A new Chuck Schumer ad uses a "former Republican" to attack Nevada's Republican U.S. Senate nominee Adam Laxalt. Unmentioned is the star witness's work for a far-left group that supports Laxalt's opponent and wants to defund police.
In the ad, Schumer's Senate Majority PAC features testimony from "Patty," a "business owner" and "former Republican" who slams Laxalt as "wrong for Nevada." The ad does not reveal that "Patty" is former Nevada state senator Patricia Farley, who began caucusing with Democrats more than five years ago in 2016. Two years later, Farley joined Battle Born Progress, a liberal nonprofit that works closely with Laxalt's opponent, Sen. Catherine Cortez Masto (D.). The group under Farley has taken a number of radical liberal positions on hot-button issues—a far cry from Schumer's portrayal of Farley as a disillusioned conservative entrepreneur.
In July 2020, for example, Battle Born Progress called to end the "school-to-prison pipeline" and "save money" by "defunding school police." One year later, group executive director Annette Magnus said Nevada "should be teaching" critical race theory in its public schools because "young people need to know this information." Battle Born Progress also opposes voter ID requirements and supports late-term abortion. Cortez Masto said in November that she was "so glad" to speak at the group's annual fundraising event.
Schumer's willingness to omit Farley's status as a liberal activist—and his decision to criticize Laxalt using a "Republican" figure—suggests the Democratic leader is concerned by Cortez Masto's reelection chances. President Joe Biden won Nevada by 3 points in 2020, but his political standing has since deteriorated in the Silver State as Democrats navigate record-high inflation, gas prices, and illegal immigrant encounters. Fifty-six percent of Nevada voters disapprove of Biden, compared with 32 percent who approve, according to Civiqs.
Senate Majority PAC spokeswoman Veronica Yoo told the Washington Free Beacon the ad identifies Farley "as a local business owner and former Republican because those are the facts." Yoo did not answer questions about Farley's work with Battle Born Progress.
Farley in 2014 ran for state Senate as a Republican, receiving 57 percent of the vote. Two years later, she announced she would change her party affiliation to nonpartisan and caucus with Democrats, a decision she said stemmed from her disappointment with "party politics." Farley's subsequent political contributions and employment history, however, tell a different story.
In May 2018, just months after declining to run for reelection, Farley made her first federal political contribution—to failed Democratic congressional candidate Pat Spearman. Three months later, Farley donated to Nevada Democratic senator Jacky Rosen.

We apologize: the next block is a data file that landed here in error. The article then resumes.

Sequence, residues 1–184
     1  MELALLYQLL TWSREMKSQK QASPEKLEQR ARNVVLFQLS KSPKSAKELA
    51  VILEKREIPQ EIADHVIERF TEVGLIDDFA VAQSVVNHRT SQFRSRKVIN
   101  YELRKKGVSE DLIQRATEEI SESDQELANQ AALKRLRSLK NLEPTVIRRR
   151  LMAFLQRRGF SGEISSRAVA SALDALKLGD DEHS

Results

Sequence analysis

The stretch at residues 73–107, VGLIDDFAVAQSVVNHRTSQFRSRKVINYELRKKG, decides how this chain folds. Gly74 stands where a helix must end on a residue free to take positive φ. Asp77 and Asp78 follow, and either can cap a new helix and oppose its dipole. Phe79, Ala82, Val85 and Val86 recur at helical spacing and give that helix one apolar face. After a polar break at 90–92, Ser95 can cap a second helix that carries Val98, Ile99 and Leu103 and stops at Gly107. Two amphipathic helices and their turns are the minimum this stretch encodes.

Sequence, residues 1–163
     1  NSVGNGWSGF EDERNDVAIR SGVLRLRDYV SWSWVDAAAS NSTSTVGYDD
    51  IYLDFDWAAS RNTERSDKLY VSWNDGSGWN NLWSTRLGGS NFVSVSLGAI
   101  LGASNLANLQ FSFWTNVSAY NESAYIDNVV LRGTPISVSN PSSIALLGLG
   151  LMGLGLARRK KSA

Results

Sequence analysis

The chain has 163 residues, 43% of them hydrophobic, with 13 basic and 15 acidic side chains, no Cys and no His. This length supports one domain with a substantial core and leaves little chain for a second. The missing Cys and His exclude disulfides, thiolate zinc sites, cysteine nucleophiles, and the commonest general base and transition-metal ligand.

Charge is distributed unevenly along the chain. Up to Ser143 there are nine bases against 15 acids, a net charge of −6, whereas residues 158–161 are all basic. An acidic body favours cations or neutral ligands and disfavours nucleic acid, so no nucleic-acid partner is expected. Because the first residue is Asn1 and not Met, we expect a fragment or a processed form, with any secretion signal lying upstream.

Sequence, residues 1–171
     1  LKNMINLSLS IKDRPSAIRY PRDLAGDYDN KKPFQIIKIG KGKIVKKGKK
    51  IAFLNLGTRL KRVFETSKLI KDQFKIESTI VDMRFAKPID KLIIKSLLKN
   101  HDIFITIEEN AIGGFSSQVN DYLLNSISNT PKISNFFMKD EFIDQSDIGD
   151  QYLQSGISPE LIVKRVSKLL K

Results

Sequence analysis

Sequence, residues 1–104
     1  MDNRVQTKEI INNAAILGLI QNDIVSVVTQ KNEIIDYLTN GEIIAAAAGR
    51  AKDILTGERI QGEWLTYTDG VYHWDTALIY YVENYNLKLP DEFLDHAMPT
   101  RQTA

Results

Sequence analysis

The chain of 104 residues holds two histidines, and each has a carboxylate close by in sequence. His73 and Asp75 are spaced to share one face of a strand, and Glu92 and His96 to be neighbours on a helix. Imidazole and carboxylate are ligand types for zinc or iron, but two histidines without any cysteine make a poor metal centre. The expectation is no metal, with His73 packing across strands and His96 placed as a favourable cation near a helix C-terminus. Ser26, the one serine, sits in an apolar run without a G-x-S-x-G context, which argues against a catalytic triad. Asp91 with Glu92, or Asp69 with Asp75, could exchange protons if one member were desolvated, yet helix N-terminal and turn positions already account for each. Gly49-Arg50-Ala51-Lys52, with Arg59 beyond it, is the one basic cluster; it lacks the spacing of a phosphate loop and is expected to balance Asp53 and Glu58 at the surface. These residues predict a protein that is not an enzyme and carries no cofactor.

In October 2018—one month before leaving the state Senate—Farley joined Battle Born Progress as the president of its state PAC, Nevada Values. The group quickly launched a six-figure ad attacking Republican state Senate leader Michael Roberson. Roughly one year later, in December 2019, Farley endorsed Pete Buttigieg for president, saying the former South Bend, Ind., mayor "is offering bold solutions to our nation's biggest problems." She went on to contribute $1,500 to Buttigieg's PAC, and has not contributed to a Republican at the federal level.
Still, Farley told the Free Beacon she is a "current independent" who is "not interested in pushing partisan political agendas" and "only care[s] about giving Nevadans the facts they need to make an informed decision." While Farley also claims in the ad that she "used to work with Adam Laxalt in the state government," she later told the Las Vegas Review-Journal that she had "few personal interactions" with the Republican.
Farley still serves as president of Nevada Values as of February 2022, the PAC's latest campaign finance disclosure states. Nevada Values is registered as a Battle Born Progress affiliate and uses the same mailing address, email address, and phone number as the liberal nonprofit.
Both Laxalt and Cortez Masto cruised to victory in Nevada's June 14 primary elections, and the pair will now face off in November. Cortez Masto holds a strong financial advantage—she has $9 million on hand to Laxalt's roughly $2.1 million.